Nu core is the sound of nu metal 20 years on. A wave of young bands who were barely even born when Korn, Limp Bizkit emerged are taking this equally loved and reviled genre and turning into something fresh and new. From Tallah and Tetrarch to Ocean Grove and Guerrilla Warfare, here are 10 nu core bands you need to hear right now.
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Though Tallah are notable for featuring Mike Portnoy’s son Max on drums, it’s Korn and not Dream Theater that spring to mind when you hear the Pennsylvanian quartet. There’s plenty of Korn-esque seven-string trickery in Derrick Schneider’s playing, while singer Justin Bonitz’ homages to Jonathan Davis’ histrionics are strongly evident. Their debut album Matriphagy is out in October via Earache.
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Bouncy rhythms? Check. Eerie harmonies? Check. Songs about self-loathing? Three out of three. The Atlanta natives have been around for some time, but it’s their latest singles, I’m Not Right and Freak, off their upcoming second album Unstable that show an unmistakable adoration for the likes of Hybrid Theory and Issues. And in guitarist Diamond Rowe, they have a guitar hero for the nu core generation.
The Melbourne, Australia quartet have two albums under their belts, with 2020’s Flip Phone Fantasy an obnoxious, brash celebration of various turn-of-the-millennium-rock and metal bands. The likes of Junkie$, Ask For The Anthem and Thousand Golden People are chock-full of nu metal’s most successful, outlandish tropes, and are guaranteed to annoy and entertain.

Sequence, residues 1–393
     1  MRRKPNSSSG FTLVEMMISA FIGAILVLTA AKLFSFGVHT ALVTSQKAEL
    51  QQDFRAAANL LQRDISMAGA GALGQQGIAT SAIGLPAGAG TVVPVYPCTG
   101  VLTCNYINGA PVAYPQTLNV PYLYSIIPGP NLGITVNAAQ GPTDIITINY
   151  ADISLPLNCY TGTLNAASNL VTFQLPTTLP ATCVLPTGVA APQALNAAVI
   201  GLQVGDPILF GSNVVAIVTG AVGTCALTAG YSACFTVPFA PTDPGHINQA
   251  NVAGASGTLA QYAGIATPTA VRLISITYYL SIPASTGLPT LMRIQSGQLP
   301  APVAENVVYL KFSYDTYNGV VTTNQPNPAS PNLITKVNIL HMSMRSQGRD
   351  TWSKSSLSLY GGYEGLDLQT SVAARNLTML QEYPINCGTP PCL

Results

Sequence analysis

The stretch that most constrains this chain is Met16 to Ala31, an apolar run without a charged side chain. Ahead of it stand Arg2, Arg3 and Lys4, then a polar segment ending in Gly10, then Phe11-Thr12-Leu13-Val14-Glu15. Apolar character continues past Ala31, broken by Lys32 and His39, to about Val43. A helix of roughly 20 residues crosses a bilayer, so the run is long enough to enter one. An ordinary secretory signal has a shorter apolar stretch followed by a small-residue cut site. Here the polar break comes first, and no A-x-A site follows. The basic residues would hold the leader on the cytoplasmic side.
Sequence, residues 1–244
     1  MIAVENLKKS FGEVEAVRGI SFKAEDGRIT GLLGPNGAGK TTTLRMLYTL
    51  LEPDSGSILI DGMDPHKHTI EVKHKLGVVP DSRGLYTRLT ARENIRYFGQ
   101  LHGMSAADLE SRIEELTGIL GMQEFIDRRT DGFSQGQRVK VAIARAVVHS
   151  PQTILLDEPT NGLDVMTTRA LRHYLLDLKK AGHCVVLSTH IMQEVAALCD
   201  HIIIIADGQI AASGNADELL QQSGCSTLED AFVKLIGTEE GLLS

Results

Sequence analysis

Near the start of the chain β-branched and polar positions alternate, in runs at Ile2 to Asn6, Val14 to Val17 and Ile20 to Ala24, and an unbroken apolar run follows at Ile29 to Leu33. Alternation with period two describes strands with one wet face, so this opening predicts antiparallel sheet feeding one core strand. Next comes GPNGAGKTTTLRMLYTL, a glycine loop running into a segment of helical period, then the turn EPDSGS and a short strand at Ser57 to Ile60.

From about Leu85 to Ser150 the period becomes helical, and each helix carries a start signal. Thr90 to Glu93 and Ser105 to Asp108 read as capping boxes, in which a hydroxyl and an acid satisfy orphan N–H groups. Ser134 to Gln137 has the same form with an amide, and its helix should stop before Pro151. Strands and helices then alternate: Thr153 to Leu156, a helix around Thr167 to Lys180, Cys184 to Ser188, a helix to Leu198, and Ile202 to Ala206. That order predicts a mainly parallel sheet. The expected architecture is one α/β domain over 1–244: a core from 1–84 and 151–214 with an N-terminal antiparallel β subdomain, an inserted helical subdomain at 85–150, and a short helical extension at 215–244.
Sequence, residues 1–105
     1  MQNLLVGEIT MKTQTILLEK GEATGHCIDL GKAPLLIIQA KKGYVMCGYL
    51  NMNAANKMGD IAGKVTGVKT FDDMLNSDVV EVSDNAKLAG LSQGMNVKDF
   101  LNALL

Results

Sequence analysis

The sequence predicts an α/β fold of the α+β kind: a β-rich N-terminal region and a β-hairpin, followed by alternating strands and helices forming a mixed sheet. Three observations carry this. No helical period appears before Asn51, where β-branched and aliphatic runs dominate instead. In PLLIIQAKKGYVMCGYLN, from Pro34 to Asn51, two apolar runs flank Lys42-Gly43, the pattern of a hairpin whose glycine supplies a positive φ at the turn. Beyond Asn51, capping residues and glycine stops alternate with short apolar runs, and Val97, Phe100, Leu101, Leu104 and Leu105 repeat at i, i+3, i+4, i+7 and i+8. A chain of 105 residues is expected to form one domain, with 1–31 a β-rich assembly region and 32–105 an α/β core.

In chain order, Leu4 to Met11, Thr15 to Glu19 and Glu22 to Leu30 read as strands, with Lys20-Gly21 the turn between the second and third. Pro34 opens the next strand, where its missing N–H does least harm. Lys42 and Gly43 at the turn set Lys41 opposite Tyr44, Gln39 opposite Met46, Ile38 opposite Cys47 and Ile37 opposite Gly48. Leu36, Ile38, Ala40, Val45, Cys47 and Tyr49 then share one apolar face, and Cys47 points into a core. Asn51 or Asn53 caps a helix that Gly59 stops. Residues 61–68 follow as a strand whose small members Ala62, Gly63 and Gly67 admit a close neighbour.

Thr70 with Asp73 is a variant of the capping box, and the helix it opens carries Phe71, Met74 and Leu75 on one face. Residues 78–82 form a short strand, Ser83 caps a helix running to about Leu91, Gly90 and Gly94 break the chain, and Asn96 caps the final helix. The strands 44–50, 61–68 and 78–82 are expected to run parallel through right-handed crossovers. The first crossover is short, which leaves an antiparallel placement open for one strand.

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Honoured with being the first band signed to Jason Aalon Butler’s 333 Wreckords Crew, this Kentucky trio are equal parts hardcore bite and nu metal bounce. Check out last year’s C O N S U M E EP for some short blasts of noisy rap metal with enough serrated edge to conjure the nastiest of pits.
An anonymous Tokyo collective who live up to their mysterious moniker, Darknet’s debut album Morally Flexible acts as a roadmap of heavy music over the last two decades, with elements of metalcore, djent, deathcore and underground noise all making their mark. However, it’s the unmistakable bounce and bullishness on the likes of Bleached and Nos that sees the masked Japanese group join the nu-core ranks.
Proclaiming themselves ‘LA’s Most Hated Band’, Dirty Machine not only revel in the derision that nu metal brought, but boast masks, a prominent DJ and a truckload of belligerent rapping too. Check out Self Made Hero and Against The World to observe their full nu metal swagger, while a cover of Miley Cyrus’ Party In The USA has all the necessary bravado.
There are a bunch of bands called Omerta but make sure you go looking for these Houston noiseinks. Just one listen to their debut EP Hyperviolence (it’s only 19 minutes long) and you’ll be transported back to the halcyon days of 1999 when Slipknot’s self-titled album blasted through our ears for the first time. It’s frantic, urgent and fairly ridiculous in equal measure.
Part of nu metal’s charm was that many acts were so comically ridiculous you were unsure whether or not they were serious. Take balaclava and bandana-sporting Israeli rap metallers HotBox for example, who tiptoe along the fine line between honouring and satirising the aggro styles of the late 90s. Most of their videos look like a cheap knock off of Nookie, with at least one person being punched in each.
These Polish rap metallers have been flying the nu metal standard proudly over the last decade, even dropping a ludicrous cover of Vanilla Ice’s Ice Ice Baby. Last year’s album Name It could easily have been released in 1999 , kicking off with Most Bida Muzik – a song that namechecks all their favourites from back in the day while sounding uncannily like Hed(PE) and Fred Durst having a frat party.
While there are hints of Deftones among many bands on this list, Varials are clearly extremely indebted to the Sacramento pioneers. Last year’s second full-length In Darkness is overflowing with floating vocals Chino Moreno made his hallmark on White Pony, backed by the textures and thud of Stephen Carpenter-esque riffs on an eclectic record that elsewhere veers between deathcore and industrial crunch.